A Newbie's Perspective: UpFront Conf

Jack Simpson

Head of Marketing and Communications

So it goes

Upfront Conference – headline sponsored this year by Tech Angels – was great! That is to say, I thought it was great. But as I’d never been to a conference before, I’m probably not the best judge of quality.

Still, that didn’t stop me having a thoroughly fun day. For a conference in its first year I’m especially impressed. I half expected to turn up and there’d be some sandwiches on a table while a lonely speaker stood at the front plugged into a bad PA system. In contrast, what we actually got was a smooth and well executed production. There were flashy visuals, nerdy jokes, even a crowd-participation demo or two, which my phone annoyingly decided it really didn’t want to be a part of.

Of particular interest to me was Brad Frost’s talk, Atomic Design. Which wouldn’t have been complete without plugging a tool he had a hand in developing. But since it’s a free tool, I’ll let him off. One of the most interesting things I found, as a conference novice, was how much of the day I spent engaged in the sessions. Almost constantly I found myself thinking about which concepts I could use in my day-to-day work at Web Apps, and which parts I would have to pencil in to play around with at a later date.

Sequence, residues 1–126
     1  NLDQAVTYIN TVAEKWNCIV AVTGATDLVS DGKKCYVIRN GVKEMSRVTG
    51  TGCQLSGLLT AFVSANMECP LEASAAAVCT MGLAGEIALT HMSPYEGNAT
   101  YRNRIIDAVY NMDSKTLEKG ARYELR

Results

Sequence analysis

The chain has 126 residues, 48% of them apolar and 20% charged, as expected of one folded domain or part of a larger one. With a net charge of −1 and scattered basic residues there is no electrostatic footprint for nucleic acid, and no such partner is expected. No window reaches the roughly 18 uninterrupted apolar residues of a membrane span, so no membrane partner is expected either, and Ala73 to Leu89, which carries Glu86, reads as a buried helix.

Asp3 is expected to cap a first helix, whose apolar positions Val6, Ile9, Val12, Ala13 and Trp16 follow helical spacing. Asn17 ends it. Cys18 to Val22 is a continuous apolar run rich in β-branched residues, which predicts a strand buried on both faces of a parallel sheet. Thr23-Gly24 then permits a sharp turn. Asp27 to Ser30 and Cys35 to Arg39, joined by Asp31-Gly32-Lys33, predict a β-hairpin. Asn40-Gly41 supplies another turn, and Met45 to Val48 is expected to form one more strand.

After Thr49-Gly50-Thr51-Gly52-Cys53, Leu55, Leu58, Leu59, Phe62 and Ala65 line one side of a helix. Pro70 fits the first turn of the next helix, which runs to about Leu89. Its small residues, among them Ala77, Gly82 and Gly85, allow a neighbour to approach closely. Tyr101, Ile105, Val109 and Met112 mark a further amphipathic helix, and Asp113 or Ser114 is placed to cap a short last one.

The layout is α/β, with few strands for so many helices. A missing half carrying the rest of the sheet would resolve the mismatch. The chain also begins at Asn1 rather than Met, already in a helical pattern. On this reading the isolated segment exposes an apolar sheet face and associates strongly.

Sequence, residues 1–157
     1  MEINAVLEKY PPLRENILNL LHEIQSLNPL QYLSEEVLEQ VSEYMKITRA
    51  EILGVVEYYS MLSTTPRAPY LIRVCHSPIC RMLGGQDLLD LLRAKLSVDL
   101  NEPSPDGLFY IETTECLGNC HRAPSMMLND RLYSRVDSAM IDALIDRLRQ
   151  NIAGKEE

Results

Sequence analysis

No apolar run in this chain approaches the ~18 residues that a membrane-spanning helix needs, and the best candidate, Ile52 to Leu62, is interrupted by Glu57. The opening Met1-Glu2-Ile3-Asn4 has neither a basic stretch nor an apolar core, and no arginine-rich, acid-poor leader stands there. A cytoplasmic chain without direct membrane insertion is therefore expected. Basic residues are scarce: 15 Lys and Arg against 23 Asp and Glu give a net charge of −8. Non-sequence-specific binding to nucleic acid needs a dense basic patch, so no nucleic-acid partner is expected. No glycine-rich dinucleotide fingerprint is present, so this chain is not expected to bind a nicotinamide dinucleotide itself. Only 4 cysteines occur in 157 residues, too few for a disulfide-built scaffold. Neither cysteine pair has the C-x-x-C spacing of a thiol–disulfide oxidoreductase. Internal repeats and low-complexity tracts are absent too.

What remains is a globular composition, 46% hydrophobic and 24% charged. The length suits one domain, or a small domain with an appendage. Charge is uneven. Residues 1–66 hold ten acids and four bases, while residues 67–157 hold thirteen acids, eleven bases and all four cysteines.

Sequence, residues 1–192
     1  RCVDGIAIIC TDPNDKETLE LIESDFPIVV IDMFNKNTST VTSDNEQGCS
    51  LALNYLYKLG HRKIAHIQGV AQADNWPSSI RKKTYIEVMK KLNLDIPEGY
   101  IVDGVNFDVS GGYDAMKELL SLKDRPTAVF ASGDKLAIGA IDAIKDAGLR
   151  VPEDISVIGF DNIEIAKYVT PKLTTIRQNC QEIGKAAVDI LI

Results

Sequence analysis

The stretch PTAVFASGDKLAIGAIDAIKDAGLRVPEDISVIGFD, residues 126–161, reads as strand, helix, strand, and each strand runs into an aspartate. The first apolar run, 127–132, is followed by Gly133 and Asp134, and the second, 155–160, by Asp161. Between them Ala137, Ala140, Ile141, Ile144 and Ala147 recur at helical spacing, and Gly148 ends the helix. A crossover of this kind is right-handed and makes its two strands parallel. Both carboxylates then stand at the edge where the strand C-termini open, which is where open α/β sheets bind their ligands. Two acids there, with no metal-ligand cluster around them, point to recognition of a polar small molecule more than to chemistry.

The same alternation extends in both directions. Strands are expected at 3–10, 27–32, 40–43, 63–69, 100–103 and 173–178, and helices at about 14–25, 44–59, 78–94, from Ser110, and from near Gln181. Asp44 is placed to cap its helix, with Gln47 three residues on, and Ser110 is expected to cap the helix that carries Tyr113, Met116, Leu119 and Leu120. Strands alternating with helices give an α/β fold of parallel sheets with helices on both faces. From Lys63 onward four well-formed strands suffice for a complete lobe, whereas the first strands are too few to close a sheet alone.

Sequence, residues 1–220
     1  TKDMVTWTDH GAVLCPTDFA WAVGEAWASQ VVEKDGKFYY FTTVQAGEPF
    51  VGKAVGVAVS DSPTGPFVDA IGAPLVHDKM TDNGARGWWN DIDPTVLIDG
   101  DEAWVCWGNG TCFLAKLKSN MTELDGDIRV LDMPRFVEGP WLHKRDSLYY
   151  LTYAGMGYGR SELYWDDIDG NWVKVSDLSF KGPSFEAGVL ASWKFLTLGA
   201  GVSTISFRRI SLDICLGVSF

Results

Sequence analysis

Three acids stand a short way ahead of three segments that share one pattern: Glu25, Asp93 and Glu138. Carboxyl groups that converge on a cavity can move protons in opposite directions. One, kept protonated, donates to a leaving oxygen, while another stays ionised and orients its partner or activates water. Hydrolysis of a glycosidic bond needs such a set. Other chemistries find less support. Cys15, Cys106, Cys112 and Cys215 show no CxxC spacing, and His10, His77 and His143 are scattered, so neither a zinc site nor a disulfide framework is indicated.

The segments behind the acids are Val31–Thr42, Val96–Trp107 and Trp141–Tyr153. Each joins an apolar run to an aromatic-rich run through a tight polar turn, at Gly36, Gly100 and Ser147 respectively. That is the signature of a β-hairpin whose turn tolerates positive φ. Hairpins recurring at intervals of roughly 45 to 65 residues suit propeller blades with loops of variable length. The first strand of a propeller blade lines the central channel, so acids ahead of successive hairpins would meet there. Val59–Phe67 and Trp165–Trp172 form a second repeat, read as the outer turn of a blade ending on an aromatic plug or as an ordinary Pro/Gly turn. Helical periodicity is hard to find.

There were also sessions I really didn’t expect to care about that managed to defy my expectations. The typography talk by Richard Rutter for example wasn’t something I was looking forward to. And while I can’t say that I’ll be sweating the small stuff as much as he stressed in my workaday life, I will at least admit to the talk and his delivery being interesting enough to hold my notoriously short attention span.

Now I can’t say that UpFront was perfect. The venue wasn’t perfectly suited to a presentation which relied heavily on everyone in the wings viewing the projection screen. Not to mention the frequent, but thankfully quiet, rumbles of what I can only presume were trams going past overhead. There was also the odd technical hitch, we started a few minutes late and there was once or twice a bit of a kerfuffle getting various laptops connected for the speakers to use.

Despite, or perhaps because of these issues, I think UpFront was a resounding success. It was clear from the start that this was an event dreamt up by people who cared for front end development and there was a feeling that a lot of the speakers and attendees harboured a common passion. It’s safe to say that I’ll have my eye on going next year (hoping it manages to get funded and all the other things that need to happen to pull a conference like this off).
Well played UpFront … well played.


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